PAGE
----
There are more strategies than these, but these are some of the biggest ones I utilize. Some of these can cut costs SUBSTANTIALLY. Hostels and Couchsurfing will also increase your chances of finding like minded travelers and locals. Locals can provide you with a plethora of beneficial area about your travel destination and what are some of the better things to do, and inform you about "hidden gems".

As I mentioned in the beginning of this article, not all of these strategies will work for everybody. You have to figure out what ones work best for you and your circumstances in order to utilize these effectively.

So in review, my most commonly used strategies to afford traveling, whether it be abroad or within the United States.

-A second part-time job/

-Overtime shifts

-ROVER.com

-Putting extra money aside in savings specifically for travel.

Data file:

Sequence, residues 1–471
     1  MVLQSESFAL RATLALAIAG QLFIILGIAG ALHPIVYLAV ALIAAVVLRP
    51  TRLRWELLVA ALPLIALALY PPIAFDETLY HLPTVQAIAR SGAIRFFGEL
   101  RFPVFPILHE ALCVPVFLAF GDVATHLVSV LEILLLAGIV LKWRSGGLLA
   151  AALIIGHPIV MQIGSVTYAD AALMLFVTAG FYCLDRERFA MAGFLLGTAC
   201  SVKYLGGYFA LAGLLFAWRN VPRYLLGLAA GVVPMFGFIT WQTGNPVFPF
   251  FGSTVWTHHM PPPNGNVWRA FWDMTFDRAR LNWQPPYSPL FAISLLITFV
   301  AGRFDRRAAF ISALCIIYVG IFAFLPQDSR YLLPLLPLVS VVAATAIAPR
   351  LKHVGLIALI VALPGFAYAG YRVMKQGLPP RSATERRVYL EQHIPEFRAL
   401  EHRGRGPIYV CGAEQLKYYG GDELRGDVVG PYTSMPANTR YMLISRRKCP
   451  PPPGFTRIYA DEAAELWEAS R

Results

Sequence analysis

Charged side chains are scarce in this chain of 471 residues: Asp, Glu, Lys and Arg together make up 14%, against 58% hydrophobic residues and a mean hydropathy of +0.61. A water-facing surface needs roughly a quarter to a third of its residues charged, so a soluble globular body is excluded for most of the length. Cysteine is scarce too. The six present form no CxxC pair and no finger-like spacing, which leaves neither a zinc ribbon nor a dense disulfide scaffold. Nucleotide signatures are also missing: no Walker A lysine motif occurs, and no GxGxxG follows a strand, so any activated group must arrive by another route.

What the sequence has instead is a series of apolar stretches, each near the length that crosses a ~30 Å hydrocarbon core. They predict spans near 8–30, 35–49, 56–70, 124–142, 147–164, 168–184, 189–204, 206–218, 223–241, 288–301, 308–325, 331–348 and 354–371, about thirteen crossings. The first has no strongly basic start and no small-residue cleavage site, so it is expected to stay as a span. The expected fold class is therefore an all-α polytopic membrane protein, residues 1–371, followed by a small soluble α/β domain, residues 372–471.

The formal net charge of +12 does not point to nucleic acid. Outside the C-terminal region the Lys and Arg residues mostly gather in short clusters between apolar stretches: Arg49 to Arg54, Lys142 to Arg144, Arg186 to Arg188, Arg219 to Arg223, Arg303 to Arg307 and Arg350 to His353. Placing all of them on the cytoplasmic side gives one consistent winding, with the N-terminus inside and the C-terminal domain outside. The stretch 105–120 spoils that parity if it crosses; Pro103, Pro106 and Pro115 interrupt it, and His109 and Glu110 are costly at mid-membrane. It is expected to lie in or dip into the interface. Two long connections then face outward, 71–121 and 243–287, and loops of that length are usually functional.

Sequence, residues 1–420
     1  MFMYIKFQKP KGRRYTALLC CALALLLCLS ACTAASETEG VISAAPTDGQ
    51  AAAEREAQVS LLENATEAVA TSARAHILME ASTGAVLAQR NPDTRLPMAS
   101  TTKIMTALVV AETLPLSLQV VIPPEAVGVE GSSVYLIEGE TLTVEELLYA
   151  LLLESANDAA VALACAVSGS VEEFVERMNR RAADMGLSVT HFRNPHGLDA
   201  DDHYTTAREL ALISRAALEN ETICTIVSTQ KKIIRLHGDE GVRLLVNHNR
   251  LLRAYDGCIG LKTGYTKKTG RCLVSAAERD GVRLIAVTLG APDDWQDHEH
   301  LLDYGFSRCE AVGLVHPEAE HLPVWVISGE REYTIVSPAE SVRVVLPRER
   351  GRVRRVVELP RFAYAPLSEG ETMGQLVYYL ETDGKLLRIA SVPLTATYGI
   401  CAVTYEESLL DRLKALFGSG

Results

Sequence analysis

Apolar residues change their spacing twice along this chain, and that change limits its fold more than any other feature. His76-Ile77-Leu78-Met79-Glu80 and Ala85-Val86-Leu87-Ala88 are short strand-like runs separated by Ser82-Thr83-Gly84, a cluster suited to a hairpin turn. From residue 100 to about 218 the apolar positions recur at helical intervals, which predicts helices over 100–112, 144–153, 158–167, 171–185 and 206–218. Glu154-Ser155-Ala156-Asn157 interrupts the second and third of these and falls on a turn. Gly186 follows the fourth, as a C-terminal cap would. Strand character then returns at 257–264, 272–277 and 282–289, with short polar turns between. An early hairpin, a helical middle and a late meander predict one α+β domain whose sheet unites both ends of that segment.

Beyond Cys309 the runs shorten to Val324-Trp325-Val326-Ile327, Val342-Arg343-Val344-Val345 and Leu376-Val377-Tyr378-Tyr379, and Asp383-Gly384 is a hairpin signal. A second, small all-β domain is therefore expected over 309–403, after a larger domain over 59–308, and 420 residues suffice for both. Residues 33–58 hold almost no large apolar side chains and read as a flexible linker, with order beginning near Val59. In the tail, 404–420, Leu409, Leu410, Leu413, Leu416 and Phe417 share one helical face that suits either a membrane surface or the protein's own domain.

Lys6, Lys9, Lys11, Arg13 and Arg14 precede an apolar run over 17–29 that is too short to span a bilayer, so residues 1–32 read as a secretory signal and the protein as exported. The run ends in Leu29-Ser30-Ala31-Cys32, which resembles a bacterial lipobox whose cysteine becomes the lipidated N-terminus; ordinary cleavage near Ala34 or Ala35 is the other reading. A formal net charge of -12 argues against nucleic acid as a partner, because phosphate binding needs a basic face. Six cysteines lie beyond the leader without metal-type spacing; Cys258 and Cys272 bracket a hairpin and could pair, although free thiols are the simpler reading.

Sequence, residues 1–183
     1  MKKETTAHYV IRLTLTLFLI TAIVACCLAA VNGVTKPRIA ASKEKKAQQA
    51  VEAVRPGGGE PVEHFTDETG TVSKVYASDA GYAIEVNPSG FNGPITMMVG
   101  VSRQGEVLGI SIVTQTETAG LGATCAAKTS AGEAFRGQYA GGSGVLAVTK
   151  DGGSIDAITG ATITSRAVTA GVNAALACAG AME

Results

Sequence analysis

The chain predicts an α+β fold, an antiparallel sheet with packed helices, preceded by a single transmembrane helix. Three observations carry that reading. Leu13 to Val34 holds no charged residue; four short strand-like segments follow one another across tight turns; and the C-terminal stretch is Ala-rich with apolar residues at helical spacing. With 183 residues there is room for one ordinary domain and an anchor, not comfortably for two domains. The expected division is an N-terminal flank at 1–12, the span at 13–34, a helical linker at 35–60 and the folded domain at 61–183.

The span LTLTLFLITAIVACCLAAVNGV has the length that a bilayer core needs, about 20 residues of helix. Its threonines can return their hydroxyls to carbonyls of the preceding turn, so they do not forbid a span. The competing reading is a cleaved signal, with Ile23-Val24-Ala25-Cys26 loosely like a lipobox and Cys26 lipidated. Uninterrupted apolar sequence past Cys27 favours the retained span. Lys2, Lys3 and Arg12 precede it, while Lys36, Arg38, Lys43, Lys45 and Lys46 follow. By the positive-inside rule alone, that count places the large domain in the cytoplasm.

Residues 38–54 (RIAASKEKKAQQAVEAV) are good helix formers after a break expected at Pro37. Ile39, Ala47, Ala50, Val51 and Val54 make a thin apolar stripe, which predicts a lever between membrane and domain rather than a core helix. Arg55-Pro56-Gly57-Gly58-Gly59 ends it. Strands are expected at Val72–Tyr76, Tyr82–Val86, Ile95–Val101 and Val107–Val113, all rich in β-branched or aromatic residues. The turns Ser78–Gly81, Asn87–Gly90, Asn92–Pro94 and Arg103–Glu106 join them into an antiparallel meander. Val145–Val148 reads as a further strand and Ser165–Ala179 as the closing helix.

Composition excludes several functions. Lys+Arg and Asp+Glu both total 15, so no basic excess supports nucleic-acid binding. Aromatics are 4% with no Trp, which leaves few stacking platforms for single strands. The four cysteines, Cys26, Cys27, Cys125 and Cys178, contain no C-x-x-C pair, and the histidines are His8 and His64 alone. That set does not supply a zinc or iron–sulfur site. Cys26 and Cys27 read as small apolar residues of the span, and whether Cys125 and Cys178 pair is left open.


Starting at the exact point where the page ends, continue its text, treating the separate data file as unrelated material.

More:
-0% APR credit cards

-Frugal travel

Take these strategies for what they are worth. They won't all be applicable to you, and they may not be feasible. Do your best to tailor them to your needs and make them work for you as much as you can. The end goal is worth it. I rarely ever hear anyone say that they regretted their 2 week vacation to (destination).

You will notice I made no mention of having the responsibility of children in this article. This was done deliberately as I have no experience on the subject! Maybe someone with experience in this field can provide me with some advice on traveling when you have children.